As everyone involved in the independent film industry knows, the Sundance Film Festival is going on in Park City, Utah as we speak. Sundance is a showcase for new works from filmmakers all over the world and has brought attention to modern-day cinematic classics as Reservoir Dogs, Little Miss Sunshine, Clerks and Napolean Dynamite as well as launching the careers of Quentin Tarantino, Jim Jarmusch and Steven Soderbergh. While Sundance was once the destination for small-budget, independent films and filmmakers, it has become a media extravaganza complete with Hollywood celebrities, paparazzi and corporate-sponsored luxury lounges.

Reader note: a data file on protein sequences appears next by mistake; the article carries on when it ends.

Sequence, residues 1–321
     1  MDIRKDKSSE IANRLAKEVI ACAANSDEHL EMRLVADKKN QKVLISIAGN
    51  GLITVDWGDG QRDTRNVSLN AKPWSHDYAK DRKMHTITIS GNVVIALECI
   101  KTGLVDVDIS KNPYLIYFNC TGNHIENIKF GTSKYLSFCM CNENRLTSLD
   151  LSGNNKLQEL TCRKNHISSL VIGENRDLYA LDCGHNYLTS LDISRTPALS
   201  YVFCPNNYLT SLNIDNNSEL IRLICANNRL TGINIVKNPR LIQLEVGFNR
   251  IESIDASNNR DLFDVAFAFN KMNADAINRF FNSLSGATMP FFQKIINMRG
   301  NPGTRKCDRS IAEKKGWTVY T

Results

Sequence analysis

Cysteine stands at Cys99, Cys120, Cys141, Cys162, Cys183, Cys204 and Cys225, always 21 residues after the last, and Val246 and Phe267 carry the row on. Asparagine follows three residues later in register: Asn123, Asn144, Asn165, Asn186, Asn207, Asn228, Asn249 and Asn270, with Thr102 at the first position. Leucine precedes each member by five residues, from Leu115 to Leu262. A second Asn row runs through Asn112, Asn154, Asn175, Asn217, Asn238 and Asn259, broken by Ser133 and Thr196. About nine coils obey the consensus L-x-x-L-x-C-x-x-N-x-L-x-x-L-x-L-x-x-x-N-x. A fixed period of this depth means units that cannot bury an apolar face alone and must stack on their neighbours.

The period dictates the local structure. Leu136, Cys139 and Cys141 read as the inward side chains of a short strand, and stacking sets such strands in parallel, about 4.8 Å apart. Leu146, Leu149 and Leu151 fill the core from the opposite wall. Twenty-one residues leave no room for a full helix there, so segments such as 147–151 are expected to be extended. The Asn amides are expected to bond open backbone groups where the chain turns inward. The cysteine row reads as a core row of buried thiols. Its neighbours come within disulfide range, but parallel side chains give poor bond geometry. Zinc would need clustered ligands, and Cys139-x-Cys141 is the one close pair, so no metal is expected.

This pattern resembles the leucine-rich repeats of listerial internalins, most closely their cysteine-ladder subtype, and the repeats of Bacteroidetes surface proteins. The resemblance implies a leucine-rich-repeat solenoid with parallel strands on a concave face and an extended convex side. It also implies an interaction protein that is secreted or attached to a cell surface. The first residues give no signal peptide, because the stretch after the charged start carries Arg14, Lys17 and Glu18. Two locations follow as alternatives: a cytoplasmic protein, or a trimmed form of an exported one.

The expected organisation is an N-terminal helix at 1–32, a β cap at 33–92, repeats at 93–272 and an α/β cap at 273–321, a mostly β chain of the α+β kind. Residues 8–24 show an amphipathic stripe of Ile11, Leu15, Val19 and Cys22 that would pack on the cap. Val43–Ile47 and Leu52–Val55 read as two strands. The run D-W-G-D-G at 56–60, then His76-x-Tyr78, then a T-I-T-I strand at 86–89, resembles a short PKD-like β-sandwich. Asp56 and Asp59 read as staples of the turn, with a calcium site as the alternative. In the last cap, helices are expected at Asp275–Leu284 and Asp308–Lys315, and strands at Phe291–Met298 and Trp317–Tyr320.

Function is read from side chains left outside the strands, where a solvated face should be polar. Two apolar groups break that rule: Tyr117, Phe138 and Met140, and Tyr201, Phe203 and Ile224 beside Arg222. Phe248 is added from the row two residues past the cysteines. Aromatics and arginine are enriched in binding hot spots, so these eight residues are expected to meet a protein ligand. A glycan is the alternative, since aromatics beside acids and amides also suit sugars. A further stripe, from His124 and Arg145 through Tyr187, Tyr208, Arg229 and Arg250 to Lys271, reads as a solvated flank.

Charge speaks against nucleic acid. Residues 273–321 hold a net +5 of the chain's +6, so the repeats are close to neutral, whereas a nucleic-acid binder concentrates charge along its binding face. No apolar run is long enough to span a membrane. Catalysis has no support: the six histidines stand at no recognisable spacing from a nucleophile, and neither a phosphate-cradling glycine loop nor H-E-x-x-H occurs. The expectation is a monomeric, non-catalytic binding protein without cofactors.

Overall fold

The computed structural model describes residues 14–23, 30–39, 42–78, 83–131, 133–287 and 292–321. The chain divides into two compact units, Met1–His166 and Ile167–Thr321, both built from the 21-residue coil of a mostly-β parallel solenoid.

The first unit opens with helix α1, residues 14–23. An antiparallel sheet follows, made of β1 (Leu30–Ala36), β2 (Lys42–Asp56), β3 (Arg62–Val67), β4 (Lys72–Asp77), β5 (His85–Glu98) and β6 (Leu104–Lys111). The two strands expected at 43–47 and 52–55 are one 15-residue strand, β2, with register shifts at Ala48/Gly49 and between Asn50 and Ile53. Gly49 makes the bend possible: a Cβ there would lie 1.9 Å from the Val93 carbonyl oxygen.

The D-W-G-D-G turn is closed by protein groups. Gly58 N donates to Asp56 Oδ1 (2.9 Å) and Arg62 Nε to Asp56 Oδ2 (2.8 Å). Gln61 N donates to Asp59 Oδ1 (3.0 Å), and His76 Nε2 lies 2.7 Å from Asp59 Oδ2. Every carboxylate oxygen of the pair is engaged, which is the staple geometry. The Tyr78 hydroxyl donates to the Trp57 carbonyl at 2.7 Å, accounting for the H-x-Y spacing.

This is why, in 1995, a group of filmmakers who weren’t accepted into Sundance decided to start the Slamdance Film Festival. Their goal was to showcase “a truer representation of independent filmmaking” and to give new and emerging talent a venue to show their works. Slamdance is the only major film festival fully programmed by filmmakers; fittingly, their mantra is “By Filmmakers For Filmmakers.” It has become a year-round organization that helps unique and innovative filmmakers get more exposure and now consists of not only the film festival, but a Screenplay and Teleplay Competition and Slamdance Studios.